2.50
Hdl Handle:
http://hdl.handle.net/10755/602616
Category:
Full-text
Format:
Text-based Document
Type:
Poster
Title:
Substance Use Behaviors among College Students
Author(s):
Thompson, Taylor J.; Mueller, Jessica; Mueller, Jessica
Lead Author STTI Affiliation:
Non-member
Author Details:
Taylor J. Thompson, taylor.thompson@valpo.edu; Jessica Mueller
Abstract:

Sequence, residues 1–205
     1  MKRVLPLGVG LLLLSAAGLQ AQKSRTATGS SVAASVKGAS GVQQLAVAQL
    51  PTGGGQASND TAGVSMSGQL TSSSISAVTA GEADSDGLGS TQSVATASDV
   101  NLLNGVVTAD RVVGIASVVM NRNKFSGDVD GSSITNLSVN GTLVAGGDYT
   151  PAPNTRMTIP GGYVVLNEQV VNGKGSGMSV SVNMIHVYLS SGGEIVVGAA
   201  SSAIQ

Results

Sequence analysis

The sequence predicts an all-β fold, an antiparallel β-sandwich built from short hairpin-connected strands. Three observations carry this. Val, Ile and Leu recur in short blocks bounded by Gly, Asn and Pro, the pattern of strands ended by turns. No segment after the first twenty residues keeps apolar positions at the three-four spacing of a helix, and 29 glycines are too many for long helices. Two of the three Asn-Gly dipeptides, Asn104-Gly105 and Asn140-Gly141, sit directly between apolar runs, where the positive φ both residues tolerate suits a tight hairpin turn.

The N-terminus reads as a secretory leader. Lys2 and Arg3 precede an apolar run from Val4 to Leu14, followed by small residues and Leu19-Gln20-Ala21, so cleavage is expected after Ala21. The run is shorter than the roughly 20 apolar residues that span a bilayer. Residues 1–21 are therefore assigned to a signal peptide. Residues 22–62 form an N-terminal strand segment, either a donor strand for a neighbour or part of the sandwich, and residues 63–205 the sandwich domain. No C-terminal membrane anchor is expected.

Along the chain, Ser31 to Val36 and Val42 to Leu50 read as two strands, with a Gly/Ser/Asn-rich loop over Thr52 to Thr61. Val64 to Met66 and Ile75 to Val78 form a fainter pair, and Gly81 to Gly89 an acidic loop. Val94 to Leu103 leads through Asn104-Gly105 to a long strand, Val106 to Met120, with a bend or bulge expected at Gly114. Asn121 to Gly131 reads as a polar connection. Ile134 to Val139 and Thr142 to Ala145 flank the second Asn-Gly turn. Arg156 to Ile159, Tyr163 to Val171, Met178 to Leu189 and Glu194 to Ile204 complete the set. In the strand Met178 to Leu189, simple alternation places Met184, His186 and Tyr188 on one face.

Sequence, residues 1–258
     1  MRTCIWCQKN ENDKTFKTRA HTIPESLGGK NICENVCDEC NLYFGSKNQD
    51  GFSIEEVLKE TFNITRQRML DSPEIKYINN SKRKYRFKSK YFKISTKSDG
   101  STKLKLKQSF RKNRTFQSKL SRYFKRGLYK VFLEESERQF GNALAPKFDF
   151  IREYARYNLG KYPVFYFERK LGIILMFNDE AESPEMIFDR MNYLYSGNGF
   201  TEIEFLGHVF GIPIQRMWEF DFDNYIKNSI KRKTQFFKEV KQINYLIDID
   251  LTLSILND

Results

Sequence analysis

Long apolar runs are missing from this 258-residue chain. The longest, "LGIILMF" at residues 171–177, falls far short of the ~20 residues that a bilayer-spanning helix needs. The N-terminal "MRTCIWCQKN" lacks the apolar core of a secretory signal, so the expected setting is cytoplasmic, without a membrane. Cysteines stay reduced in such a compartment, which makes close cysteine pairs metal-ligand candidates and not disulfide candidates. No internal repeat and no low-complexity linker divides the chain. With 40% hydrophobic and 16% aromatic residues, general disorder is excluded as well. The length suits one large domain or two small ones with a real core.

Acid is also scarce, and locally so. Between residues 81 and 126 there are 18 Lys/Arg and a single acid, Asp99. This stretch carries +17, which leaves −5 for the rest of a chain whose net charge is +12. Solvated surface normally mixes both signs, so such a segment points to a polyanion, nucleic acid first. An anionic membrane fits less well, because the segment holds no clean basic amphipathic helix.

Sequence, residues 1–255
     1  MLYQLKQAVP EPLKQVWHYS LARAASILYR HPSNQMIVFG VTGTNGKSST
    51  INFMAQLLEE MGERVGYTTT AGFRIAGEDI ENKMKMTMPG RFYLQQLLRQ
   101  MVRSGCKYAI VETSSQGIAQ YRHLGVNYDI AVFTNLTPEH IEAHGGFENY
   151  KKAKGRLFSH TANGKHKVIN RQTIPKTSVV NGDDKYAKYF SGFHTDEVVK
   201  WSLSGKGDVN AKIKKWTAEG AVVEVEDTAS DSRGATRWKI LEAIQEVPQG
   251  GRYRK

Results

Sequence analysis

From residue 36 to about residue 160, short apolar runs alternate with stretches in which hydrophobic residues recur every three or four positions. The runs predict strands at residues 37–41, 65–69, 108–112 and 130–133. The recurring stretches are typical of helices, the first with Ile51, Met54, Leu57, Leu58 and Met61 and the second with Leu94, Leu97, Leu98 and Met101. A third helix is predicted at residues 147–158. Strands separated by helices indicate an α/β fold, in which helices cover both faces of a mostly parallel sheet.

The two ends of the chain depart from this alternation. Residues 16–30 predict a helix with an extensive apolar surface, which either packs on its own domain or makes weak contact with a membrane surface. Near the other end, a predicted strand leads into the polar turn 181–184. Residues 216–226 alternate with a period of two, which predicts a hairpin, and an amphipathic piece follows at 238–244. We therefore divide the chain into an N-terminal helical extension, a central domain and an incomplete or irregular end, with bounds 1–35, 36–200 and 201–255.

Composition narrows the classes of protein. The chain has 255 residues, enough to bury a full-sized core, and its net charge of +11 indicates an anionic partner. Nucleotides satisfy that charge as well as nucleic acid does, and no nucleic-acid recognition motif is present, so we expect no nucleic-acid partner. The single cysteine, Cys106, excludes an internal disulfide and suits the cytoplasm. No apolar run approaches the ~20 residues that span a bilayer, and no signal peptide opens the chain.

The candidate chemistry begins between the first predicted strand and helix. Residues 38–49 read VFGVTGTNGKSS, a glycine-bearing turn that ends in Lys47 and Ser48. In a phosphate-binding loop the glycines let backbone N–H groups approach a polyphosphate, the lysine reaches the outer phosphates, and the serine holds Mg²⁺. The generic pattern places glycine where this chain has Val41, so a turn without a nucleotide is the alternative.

Session presented on Saturday, November 7, 2015 and Sunday, November 8, 2015: The Task Force of the National Advisory Council on Alcohol Abuse and Alcoholism (2002) has identified that drinking on college campuses is a unique culture and changing this culture is a top priority. Within the drinking culture, binge drinking has emerged as a growing problem that has dangerous consequences. Binge drinking has been correlated with high-risk behaviors, such as unsafe sex, sexual assault, injuries, and even death (National Institute on Alcohol Abuse and Alcoholism [NIAAA], 2013).  The NIAAA (2013) defines binge drinking as 4 drinks for women and 5 drinks for men within a few hours. The main objective of this study was to assess substance use behaviors among college students at a private, faith-based university in the Midwest and identify aspects that are associated with drinking on the college campus. Data were collected using a modified version of the Core Alcohol and Drug Survey: Long Form (Core Institute of Student Health Programs, 1994), which asks detailed questions about substance use behaviors. Following IRB approval, all undergraduate students ( N = 3,052) during the 2014-2015 academic year were invited to participate in an online survey using Survey Monkey®. A total of 1,164 students responded and 1,095 completed the survey, yielding a 35.9% response rate. Results showed that 62.6% of respondents drank alcohol. There were differences in drinking behaviors based on Greek life affiliation, gender, and athletic participation. There was a statistically significant difference ( X 2 = 66.001 , p < .001) based on Greek life affiliation; 83.9% of fraternity and sorority members drink alcohol compared to 57.3% not involved in Greek life.  Of all students who drank alcohol, 71.7% engaged in binge drinking in the past 30 days. While there was no statistically significant difference in the rate of drinking alcohol based on gender (64% of males, 65.3% of females reported alcohol use), there was a statistically significant difference in binge drinking among males and females. Among drinkers, 76.5% of males engaged in binge drinking compared to 58.4% of females ( X 2 = 50.800, p = .001). However, there were no significant differences for binge drinking and Greek life affiliation or being an athlete. Of those in Greek life, 75.3% engaged in binge drinking compare to 60.3% not Greek-affiliated ( X 2 = 30.526, p = .106). Of those who reported being an athlete, 71.6% engaged in binge drinking while 64.4% of non-athletes engaged in binge drinking ( X 2 = 20.281, p = .625). The top 3 reasons for drinking alcohol were: 86.5% “to have fun,” 75.2% “to feel good and relaxed,” 46.8% “makes it easier to socialize.” The majority of students on this campus drink alcohol. Moreover, binge drinking is a significant problem among those who use alcohol, particularly males and those affiliated with Greek life. Information from the survey will be used to develop evidence-based interventions to support a change in the drinking culture on this campus.